Photo by Michael Stulman/CRS

Most teachers will tell you it’s hard for children to learn if they’re hungry.

With continued support from the USDA, CRS is making sure tens of thousands of children in Mali receive a meal at school every day. As part of CRS’ Food for Education (FFE) program launched in the Mopti and Koulikoro regions of Mali, children receive lunch as well as food and de-worming medication to take home. That encourages school enrollment and increases attendance.

“It was wonderful to see so many girls in the school I visited in Takoutala,” says CRS president Sean Callahan, who traveled to Mali to attend the launch of FFE’s third phase. “It is proven that an education for a girl not only increases the possibility for a better livelihood, but also has an impact on their families.”

“An educated woman shares her knowledge and she sees to it that they are well-fed and in good health.”— Sean Callahan

School feeding programs like FFE not only encourage children to enroll in school and attend regularly, they also provide essential nutrients, improving children’s ability to learn.

“We aim for the school kitchens to become self-sustained by the time this phase ends in 2020 and we look forward to working with our partners on this in the coming years,” says Niek de Goeij, CRS country representative in Mali. “We are confident that with government and community ownership, children will continue to go to school, be well nourished and flourish.

Laos

Fact: CRS has trained more than 700 cooks on hygienic food preparation

CRS provides critical nutrition and education programs for children in Laos through the United States Department of Agriculture’s McGovern-Dole Food for Education program.

More than 40,000 students attending primary schools in targeted communities receive a nutritious hot lunch and increased literacy instruction as well as have access to improved water and sanitation facilities.

“This project is not only about school lunches. It’s about improving educational outcomes in some of the poorest communities in Laos,” says Bernie F. Chaves, CRS country representative in Laos. “Access to a nutritious lunch will help increase enrollment and school attendance.”

This investment in education also includes extensive training of teachers to improve the quality of education that children receive.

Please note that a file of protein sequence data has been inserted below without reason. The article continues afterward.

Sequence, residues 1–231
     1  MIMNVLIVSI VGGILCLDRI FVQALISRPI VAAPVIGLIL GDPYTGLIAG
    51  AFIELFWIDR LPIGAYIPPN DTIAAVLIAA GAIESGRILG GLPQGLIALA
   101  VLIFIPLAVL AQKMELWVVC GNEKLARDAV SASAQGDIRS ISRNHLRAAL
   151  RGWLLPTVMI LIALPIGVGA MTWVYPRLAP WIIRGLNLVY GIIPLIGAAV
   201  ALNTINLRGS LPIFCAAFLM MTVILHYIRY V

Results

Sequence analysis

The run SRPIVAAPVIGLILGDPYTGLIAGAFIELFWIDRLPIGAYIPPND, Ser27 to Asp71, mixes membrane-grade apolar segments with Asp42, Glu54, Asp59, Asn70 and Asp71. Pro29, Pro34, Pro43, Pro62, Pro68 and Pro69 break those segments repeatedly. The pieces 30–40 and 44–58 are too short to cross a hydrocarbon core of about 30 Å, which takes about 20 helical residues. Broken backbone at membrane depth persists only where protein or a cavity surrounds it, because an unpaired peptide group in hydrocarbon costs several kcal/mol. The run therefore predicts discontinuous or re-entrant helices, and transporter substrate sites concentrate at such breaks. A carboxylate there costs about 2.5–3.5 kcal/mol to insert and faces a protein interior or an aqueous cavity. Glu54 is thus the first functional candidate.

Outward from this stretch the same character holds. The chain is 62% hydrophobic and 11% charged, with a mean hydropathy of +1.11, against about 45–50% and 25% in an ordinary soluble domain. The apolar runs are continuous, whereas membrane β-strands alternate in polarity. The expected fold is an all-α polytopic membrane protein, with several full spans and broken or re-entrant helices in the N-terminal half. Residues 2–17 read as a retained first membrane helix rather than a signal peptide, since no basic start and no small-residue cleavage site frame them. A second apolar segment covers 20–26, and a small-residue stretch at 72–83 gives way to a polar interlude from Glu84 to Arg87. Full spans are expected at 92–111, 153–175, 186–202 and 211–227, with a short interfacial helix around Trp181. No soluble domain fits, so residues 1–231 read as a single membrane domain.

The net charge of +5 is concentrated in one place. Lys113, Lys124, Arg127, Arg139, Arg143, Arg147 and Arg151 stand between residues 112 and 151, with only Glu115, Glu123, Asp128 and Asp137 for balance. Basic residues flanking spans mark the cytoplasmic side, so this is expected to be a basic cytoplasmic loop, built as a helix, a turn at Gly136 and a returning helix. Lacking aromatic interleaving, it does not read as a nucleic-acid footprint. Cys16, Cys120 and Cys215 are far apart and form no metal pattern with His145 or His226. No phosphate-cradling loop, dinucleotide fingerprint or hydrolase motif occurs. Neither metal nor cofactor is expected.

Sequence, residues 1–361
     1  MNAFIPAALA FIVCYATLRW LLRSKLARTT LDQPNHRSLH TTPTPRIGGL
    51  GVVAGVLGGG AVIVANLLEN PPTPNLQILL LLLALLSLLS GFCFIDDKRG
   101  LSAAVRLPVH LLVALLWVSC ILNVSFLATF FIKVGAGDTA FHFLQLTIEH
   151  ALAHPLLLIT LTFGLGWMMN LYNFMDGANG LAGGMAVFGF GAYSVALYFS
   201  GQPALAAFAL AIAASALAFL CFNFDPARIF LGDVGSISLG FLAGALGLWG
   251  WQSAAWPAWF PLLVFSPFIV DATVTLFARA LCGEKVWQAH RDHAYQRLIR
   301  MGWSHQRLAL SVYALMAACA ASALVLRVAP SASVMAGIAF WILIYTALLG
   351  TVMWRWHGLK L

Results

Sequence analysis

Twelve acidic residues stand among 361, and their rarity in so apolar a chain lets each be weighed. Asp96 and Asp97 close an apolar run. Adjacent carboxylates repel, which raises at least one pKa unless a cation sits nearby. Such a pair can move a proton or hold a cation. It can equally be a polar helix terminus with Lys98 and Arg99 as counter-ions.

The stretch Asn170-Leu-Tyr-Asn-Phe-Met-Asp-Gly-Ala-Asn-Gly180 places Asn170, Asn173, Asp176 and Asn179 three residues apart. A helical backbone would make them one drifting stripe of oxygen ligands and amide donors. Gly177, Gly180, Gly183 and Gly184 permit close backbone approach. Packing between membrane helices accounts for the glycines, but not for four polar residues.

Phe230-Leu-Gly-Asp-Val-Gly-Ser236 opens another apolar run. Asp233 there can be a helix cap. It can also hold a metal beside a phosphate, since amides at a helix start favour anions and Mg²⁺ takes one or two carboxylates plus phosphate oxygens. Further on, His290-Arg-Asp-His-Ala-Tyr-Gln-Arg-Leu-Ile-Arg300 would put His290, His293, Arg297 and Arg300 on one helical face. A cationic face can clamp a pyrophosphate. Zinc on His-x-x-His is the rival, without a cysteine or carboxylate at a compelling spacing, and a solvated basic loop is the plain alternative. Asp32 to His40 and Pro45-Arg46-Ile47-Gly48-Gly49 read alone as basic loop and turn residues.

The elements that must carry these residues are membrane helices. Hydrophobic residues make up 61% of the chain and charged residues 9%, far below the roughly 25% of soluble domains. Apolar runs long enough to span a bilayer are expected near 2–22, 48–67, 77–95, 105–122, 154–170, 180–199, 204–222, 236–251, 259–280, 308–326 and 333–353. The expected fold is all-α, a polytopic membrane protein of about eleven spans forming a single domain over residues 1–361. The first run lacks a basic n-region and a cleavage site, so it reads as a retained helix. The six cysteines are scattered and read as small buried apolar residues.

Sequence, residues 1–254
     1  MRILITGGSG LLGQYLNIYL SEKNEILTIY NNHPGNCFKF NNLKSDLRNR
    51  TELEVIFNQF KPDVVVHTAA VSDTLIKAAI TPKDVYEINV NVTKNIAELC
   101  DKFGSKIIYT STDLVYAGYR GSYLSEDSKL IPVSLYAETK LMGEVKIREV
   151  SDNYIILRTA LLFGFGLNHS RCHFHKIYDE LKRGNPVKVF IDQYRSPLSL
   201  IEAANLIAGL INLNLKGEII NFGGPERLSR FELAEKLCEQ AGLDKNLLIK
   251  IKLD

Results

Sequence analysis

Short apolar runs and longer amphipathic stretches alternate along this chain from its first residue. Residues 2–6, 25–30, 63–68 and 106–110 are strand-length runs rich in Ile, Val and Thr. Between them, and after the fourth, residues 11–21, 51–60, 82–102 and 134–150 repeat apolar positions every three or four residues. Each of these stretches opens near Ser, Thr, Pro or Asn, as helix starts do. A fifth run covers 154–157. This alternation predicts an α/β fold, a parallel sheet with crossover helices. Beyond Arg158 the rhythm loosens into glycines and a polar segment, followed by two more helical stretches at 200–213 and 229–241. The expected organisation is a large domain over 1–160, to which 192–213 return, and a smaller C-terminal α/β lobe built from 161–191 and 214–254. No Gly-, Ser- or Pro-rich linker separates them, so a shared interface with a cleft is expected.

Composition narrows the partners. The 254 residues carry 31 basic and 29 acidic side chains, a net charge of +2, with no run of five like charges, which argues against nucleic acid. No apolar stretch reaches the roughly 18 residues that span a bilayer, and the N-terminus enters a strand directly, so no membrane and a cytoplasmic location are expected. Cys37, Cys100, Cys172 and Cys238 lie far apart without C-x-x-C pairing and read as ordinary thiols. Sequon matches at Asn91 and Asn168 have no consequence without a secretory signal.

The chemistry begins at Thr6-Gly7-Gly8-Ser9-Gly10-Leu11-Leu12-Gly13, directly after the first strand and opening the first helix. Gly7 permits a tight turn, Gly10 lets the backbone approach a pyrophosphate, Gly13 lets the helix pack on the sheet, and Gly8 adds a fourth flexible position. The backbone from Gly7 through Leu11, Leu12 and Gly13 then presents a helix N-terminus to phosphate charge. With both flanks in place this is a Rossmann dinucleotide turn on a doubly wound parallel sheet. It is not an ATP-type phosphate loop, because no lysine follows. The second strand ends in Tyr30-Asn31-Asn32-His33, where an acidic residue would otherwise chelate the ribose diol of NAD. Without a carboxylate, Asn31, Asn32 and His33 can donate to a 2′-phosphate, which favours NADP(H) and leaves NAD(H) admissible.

CRS also helps to improve access to education for children living with disabilities. CRS believes that every child has a right to education and works with the government of Laos to increase the number of children living with disabilities who can attend schools. Learn more about our work in Laos.


Adapting to Drought and Climate Change

Ethiopia

Fact: More than 475,000 people have been reached by risk-reduction activities

Photo by Petterik Wiggers for CRS

Ethiopia is suffering its worst drought in 50 years. Coping with the effects of drought and climate change have become daily challenges for millions of Ethiopians. Prolonged drought, erratic rainfall and land degradation are posing challenges that have pushed people to the edge.

The Resilience through Enhanced Adaptation, Action-Learning and Partnership project or REAAP is a 3-year project led by CRS and funded by the U.S. Agency for International Development. It helps nearly half a million people adapt new practices and technologies to mitigate the devastating impact of drought and better withstand climate change in the communities of 6 vulnerable districts in Oromia state.

REAAP aims to create stronger families by helping them to become more economically secure, buy food, pay for education and better withstand the effect of climate change, drought and food shortages. Communities learn to identify and address their risks and challenges—from land and soil degradation or financial instability, to a lack of water sources or poor nutrition. They select activities, create a plan and work together to implement manageable, sustainable and low-tech solutions. Learn more about REAAP.

 

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Remind Congress that 1% Does a World of Good